Christian Boot Camps

You may have heard of -Christian boot camps- for struggling teens. This article explains why you should not consider sending your child to any program called a -boot camp,- Christian or otherwise. Keep reading for more advice for parents searching for help with a struggling youth.

What Is a Boot Camp?

Originally, the term boot camp referred only to the preparatory training undertaken by those entering the United States Armed Forces. This training is demanding, and can be quite difficult, but it is a time-honored rite of passage. A second type of boot camp is a program in the United States correctional system, which is designed to be less harsh than incarceration, but more demanding than probation. This type of boot camp is a form of  punishment for criminals. Boot camps for teens are modeled on one of these two: a military school programs meant to whip recruits into shape for war and a prison program meant to punish criminals. Neither is an appropriate model for helping teens who are having difficulties or struggles, and it is difficult to see how either fits with a Christian approach.

Misuse of the Term Boot Camp

It is true that both television personality Dr. Phil and retired corporal Burton Dalton - who started the Freewill Baptist boot camp in July, 2010 - are examples of people who use the term boot camp as if it were a good thing. This is an unfortunate use of terminology because, while their particular programs may have value, most programs called "boot camps" do not. The National Institute of Health (NIH) published a report to this effect in 2004 after studying the dangers of boot camps for teens. "Preventing Violence and Related Health-Risking Social Behaviors in Adolescents: an NIH State-of-the Science Conference" report states:

"The evidence indicates that “scare tactics” don’t work and there is some evidence that they may make the problem worse rather than simply not working. One of the hazards of the juvenile court system is the impact of having a record on the child’s subsequent life course. Such evidence as there is indicates that group detention centers, boot camps, and other “get tough” programs can provide an opportunity for delinquent youth to amplify negative effects on each other."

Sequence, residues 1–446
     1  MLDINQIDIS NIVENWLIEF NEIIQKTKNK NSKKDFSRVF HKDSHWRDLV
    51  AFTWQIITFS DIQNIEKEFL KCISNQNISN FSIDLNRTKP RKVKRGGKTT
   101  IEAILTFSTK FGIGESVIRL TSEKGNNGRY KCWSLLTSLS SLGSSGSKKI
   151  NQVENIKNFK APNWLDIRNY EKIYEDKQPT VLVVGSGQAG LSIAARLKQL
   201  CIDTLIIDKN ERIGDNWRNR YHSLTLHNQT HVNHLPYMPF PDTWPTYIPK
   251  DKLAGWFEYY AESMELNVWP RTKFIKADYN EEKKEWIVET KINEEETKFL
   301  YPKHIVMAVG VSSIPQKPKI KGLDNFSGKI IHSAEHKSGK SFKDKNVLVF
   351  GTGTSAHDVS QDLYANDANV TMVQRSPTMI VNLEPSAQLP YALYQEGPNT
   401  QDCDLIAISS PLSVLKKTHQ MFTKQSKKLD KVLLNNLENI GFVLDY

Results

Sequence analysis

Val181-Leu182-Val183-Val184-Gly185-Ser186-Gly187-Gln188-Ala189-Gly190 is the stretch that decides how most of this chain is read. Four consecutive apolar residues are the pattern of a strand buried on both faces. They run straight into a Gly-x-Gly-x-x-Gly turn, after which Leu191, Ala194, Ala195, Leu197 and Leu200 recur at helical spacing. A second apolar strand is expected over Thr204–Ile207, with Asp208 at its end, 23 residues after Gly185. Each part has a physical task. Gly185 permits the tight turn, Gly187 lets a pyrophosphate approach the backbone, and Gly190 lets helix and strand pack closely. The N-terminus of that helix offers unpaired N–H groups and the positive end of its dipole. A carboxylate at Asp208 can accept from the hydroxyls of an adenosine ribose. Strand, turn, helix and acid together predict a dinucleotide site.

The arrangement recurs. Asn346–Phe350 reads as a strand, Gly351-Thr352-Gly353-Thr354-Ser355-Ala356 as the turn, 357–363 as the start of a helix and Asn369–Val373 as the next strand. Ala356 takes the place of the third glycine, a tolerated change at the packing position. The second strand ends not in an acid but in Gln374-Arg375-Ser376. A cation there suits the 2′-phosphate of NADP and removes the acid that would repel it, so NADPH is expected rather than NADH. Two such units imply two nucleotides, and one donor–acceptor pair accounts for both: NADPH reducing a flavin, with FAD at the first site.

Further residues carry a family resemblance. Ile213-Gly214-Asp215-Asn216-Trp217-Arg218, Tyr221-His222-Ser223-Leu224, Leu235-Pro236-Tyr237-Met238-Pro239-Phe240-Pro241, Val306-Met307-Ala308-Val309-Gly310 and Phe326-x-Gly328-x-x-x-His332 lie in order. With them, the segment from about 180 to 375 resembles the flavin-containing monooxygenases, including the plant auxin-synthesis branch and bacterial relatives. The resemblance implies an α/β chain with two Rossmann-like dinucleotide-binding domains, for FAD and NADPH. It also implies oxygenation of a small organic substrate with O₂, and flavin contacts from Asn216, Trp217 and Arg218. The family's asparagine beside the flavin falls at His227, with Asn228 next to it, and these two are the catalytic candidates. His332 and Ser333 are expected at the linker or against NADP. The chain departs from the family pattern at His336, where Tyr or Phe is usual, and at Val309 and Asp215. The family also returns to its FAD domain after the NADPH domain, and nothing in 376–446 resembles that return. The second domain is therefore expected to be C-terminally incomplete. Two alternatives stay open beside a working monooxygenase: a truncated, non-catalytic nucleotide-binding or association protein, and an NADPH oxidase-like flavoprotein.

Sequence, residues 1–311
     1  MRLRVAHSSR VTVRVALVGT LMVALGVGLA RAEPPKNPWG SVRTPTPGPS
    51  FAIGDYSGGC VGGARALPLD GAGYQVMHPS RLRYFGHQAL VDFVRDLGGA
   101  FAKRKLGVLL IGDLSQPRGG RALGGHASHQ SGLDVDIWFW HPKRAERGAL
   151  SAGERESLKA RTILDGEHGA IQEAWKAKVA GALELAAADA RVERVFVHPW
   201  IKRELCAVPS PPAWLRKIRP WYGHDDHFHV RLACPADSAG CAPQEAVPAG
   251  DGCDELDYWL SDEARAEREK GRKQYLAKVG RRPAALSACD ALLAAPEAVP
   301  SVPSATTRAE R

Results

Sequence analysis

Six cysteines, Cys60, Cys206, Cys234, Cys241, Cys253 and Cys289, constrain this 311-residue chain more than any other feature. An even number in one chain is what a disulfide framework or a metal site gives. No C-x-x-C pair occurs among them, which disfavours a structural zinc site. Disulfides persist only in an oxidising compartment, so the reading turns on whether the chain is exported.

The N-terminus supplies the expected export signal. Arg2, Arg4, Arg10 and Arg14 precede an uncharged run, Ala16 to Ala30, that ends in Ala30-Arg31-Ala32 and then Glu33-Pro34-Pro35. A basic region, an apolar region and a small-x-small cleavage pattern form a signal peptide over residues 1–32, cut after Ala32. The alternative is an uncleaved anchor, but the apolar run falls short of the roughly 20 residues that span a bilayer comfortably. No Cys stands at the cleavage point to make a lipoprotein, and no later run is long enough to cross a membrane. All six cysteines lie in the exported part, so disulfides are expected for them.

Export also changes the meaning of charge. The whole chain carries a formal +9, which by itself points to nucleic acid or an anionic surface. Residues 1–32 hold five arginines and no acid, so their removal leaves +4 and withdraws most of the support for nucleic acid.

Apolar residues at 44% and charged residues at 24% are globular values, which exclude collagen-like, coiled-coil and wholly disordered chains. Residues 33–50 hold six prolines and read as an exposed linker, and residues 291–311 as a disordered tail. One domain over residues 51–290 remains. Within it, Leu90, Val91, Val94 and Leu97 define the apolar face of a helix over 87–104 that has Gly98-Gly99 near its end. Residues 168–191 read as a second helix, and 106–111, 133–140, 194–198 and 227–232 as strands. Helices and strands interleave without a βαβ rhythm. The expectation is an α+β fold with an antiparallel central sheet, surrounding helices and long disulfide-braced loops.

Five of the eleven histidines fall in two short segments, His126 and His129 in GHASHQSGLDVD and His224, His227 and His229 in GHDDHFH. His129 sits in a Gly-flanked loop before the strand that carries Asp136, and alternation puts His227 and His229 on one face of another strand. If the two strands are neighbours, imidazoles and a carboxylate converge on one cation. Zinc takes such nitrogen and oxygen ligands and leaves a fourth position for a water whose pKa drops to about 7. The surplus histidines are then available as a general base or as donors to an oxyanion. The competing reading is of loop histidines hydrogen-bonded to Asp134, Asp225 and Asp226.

The report goes on to state:

"Turning to programs that do not work, there are many flaws in both theory and execution that can cause an intervention to fail. The panel has been presented with evidence that identifies some characteristics of programs that have been shown to be unsuccessful as well as factors that make prospects for success poor. Some are the obverse of factors that lead to success, such as the failure to address strong risk factors, limited duration, and developmentally inappropriate interventions. Others include:

  • Programs that aggregate high-risk youth in ways that facilitate contagion (i.e., most likely to have harmful, iatrogenic effects)
  • Implementation protocols that are not clearly articulated
  • Staff who are not well-supervised or held accountable for outcomes
  • Programs limited to scare tactics (e.g., Scared Straight)
  • Programs limited to toughness strategies (e.g., classic boot camps)
  • Programs that consist largely of adults lecturing at youth (e.g., classic D.A.R.E.)"

Further evidence of the dangers of boot camps - even Christian boot camps so-called - can be found in the news. In 2007, two officials from a San Antonio, Texas Christian boot camp called "Love Demonstrated Ministries boot camp" were indicted for dragging a camper behind a van, tied to a rope because she was slower than the other runners. Her mother told the press that she after researching the program, she "counted on the Christian part." The court case ended in a mistrial.


With this kind of reputation for boot camps, you should question the judgment of any program that chooses to use that name. If you are seeking a rigorous program that will truly help a struggling teen, perhaps one who has been non-compliant, our best recommendation is to go to the National Association of Therapeutic Schools and Programs website ( and use the keyword search to look for accredited programs that fit your teen's issues. Click through for "more information" on the program websites, and you will get an idea of what reliable, accredited programs may have to offer and the approaches they have found successful in dealing with the difficult issues that some teens and families face. There are Christian programs in the mix, that make faith an important element of the healing process.


"Boot camp workers indicted" -

"Christian Boot Camp: Girls Said She Was Tied to Van: Mistrial Declared in Dragging Case"  -

National Institute of Health "Preventing Violence and Related Health-Risking Social Behaviors in Adolescents: an NIH State-of-the Science Conference" -

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